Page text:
In The Grand Design, Hawking proclaims string theory—which postulates that reality consists of extremely small strings wriggling in an extremely hypothetical hyperspace of 10 or more dimensions—to be the ultimate account of reality. String theory comes in an infinite number of versions, but Hawking tries to turn this bug into a feature: All possible stringy universes actually exist, he asserts, and the anthropic principle explains why we find ourselves in this one.
In Cycles of Time, Penrose offers a new and improved version of the old oscillating-universe theory, which is supposedly compatible with the recent discovery that the universe is expanding at an accelerating rate. And Greene's book, subtitled Parallel Universes and the Deep Laws of the Cosmos, touts the oscillating universe, stringy multiverses, Everett's many-worlds theorem, and a host of variants. Greene teases us with the idea that in an infinite, eternal multiverse, everything must happen countless times; somewhere out there your doppelgänger is reading this sentence, and elsewhere "she has skipped ahead or feels in need of a snack."
Greene takes Nietzsche's eternal recurrence and makes it cute. His suggestion that our universe may be a simulation run on the computer of an alien civilization is also old hat. These ideas, in fact, are just scientized versions of stoner thought experiments: What if our whole world is just a grain of dirt in the pocket of a giant? And there is a whole universe inside one grain of dirt in our pockets? What if our world is really just an experiment created by evil machines? And so on.
Physicists' fantasies about parallel and virtual realms are not just stale. Increasingly they strike me as escapist and irresponsible. Scientists shouldn't have to serve the public good any more than poets or musicians. I value truth for its own sake, even if the truth disturbs. But I do think that theories—if they are being passed off as science—should have at least a remote chance of being empirically corroborated. Otherwise, how do they differ from pseudoscientific ideas like intelligent design?
Susan Sontag's 2002 essay "Looking at War" captures my jaded attitude toward the books of Hawking, Greene, and Penrose. Sontag castigated the philosopher Jean Baudrillard, among others, for claiming that there is no reality anymore; there are only media "representations," "spectacles," and "simulated realities." (Baudrillard's book Simulacra and Simulations inspired the Wachowski brothers to make the film The Matrix, about a world that is actually a computer simulation created by evil aliens.) This sort of philosophical claptrap, Sontag argued, is reprehensible in a world filled with real people suffering from real injustice, tyranny, and wars.
I haven't entirely given up on physics. I'm intrigued by quantum computation, which seeks to harness quantum weirdness to make computers more clever. The ability of electrons, say, to exist in a "superposition" of many possible states means that they can, in principle, carry out multiple, parallel computations and hence outperform conventional computers. (Imagine how smart Watson would be if it were a quantum computer.)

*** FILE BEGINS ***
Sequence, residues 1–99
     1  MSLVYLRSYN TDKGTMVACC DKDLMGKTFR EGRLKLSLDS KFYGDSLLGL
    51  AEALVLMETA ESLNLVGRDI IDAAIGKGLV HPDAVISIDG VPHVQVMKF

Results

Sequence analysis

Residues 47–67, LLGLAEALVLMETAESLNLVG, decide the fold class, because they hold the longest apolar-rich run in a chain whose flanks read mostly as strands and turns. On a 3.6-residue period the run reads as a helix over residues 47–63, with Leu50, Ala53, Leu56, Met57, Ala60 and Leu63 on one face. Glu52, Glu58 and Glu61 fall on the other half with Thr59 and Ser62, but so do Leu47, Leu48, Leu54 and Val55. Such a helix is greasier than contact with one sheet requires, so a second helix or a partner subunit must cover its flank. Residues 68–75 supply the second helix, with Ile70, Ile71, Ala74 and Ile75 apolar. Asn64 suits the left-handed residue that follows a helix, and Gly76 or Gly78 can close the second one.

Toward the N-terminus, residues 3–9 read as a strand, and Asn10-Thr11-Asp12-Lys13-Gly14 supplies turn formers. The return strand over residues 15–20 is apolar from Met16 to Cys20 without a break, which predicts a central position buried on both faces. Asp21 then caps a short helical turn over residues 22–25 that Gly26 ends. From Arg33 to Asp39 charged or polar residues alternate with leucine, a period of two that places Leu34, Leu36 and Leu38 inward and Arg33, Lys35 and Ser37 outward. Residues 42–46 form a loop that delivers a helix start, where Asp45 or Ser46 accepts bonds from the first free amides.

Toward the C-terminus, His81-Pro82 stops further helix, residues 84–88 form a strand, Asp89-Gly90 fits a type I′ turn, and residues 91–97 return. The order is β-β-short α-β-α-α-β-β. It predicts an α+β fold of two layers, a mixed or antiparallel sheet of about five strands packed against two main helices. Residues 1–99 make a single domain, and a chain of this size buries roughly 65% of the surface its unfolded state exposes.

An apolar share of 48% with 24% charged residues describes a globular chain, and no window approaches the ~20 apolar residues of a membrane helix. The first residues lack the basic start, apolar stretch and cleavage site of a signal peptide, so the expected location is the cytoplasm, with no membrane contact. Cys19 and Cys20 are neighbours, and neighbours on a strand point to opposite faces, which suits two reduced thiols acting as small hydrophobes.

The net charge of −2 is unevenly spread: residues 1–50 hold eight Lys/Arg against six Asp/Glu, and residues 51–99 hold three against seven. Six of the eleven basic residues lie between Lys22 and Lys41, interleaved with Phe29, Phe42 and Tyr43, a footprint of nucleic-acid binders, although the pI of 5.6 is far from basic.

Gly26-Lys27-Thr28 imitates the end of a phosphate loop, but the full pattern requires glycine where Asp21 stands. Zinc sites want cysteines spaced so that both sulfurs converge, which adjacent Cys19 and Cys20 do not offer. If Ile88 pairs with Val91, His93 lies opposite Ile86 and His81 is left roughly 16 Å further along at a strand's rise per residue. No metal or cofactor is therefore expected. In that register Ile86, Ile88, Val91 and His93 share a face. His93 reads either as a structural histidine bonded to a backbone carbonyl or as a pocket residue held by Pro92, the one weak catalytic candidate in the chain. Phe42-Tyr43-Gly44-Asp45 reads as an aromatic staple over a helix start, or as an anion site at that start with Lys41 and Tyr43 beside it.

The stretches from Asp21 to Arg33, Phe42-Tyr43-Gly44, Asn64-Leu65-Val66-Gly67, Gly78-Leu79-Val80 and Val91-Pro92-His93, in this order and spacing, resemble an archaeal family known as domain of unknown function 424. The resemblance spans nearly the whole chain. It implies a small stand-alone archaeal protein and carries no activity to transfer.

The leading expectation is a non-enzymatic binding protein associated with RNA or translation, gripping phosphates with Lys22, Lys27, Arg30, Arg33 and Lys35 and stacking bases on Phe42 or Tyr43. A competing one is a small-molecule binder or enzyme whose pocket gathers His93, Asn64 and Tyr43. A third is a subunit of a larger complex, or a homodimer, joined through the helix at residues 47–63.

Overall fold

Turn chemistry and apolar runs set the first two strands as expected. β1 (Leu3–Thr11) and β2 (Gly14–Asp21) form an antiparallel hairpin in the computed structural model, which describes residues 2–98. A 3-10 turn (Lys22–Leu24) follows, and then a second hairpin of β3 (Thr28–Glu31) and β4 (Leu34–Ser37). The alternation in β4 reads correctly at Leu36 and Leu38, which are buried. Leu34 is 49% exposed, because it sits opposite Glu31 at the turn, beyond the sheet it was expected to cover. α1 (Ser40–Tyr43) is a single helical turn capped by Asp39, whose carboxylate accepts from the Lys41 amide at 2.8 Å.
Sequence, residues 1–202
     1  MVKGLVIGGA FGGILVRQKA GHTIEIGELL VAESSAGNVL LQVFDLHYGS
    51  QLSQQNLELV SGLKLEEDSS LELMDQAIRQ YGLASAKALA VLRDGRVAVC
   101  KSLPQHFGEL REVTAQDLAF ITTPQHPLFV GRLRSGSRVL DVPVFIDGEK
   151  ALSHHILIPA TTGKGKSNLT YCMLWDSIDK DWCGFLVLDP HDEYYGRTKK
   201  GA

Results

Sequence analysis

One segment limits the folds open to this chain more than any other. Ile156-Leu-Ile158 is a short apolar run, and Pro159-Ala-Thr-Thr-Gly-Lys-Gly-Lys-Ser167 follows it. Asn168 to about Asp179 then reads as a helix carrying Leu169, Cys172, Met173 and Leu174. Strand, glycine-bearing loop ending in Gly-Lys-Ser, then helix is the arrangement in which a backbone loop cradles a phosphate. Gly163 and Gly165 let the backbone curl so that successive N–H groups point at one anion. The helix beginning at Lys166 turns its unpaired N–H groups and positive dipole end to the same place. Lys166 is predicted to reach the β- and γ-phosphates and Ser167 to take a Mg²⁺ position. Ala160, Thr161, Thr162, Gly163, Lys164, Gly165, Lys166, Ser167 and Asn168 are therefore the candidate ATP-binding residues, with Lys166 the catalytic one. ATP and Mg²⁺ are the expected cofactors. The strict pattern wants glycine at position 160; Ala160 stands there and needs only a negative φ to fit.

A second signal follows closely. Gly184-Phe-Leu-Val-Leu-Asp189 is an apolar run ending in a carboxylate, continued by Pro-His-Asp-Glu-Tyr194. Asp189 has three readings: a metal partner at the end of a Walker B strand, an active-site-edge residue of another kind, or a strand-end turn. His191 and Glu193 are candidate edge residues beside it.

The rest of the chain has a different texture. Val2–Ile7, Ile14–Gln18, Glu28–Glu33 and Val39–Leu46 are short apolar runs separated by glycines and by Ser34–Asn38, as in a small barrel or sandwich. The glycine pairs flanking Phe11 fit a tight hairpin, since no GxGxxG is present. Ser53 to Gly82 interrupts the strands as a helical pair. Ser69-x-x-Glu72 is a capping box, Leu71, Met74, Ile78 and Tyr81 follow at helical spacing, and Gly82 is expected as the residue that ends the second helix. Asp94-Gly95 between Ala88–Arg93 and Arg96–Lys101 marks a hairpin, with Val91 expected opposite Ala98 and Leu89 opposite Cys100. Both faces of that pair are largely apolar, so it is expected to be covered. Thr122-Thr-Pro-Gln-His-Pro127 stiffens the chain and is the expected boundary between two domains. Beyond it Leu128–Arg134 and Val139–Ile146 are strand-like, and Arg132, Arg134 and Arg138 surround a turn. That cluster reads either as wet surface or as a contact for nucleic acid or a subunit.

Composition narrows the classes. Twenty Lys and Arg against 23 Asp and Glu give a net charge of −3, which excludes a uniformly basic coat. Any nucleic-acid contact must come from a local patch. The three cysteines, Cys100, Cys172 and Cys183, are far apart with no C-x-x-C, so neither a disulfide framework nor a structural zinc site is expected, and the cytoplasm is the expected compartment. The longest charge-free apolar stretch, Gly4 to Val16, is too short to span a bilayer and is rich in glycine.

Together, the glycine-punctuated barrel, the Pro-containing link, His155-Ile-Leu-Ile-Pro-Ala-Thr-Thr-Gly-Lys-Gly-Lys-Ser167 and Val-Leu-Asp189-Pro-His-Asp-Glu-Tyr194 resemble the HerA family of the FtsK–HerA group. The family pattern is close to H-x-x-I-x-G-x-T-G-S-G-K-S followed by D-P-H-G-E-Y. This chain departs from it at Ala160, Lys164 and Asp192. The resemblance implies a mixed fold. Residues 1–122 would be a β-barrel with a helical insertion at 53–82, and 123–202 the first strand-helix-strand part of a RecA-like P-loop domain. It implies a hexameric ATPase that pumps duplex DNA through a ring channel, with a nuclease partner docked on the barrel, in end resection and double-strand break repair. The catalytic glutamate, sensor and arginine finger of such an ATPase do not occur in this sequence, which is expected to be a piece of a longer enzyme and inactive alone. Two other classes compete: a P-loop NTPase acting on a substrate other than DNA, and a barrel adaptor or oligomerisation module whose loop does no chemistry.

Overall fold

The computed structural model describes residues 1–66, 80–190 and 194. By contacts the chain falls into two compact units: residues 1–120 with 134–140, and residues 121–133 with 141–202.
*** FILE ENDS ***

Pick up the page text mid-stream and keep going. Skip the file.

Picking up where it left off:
I'm also fascinated by the potential fusion of physics with information theory. Invented in 1948 by the mathematician Claude Shannon, information theory is a method for quantifying the improbability—the surprisingness, if you will—of a message. The theory laid the foundation for the digital age; it helps engineers optimize the efficiency of information processing, communication, and storage systems, from cellphones to compact discs. As the journalist James Gleick reports in his marvelous new book The Information (Pantheon, 2011), physicists—notably my old hero John Wheeler—have discovered deep connections between information theory and quantum mechanics. Wheeler coined the phrase "the it from bit" to summarize the idea that the "it" of objective, physical reality stems from "answers to yes-or-no questions, binary choices, bits."
But more than new ideas, physics desperately needs new facts. Budget cuts have forced into retirement the biggest American particle accelerator, the Tevatron, which helped flesh out the standard model of particle physics. Physicists pining for new data are now pinning their hopes on the Large Hadron Collider, in Switzerland. If and when that hypersensitive contraption gets up to full speed, perhaps it will stumble into a discovery so bizarre that it entices theorists lost in simulated and parallel universes back to reality.
Until then, I tell my students, if you're looking for science books that pose profound metaphysical puzzles, don't bother with the physics best sellers. Instead, check out works by Oliver Sachs, V.S. Ramachandran, and other intrepid explorers of the brain. Science's most thrilling frontier is the one inside our skulls.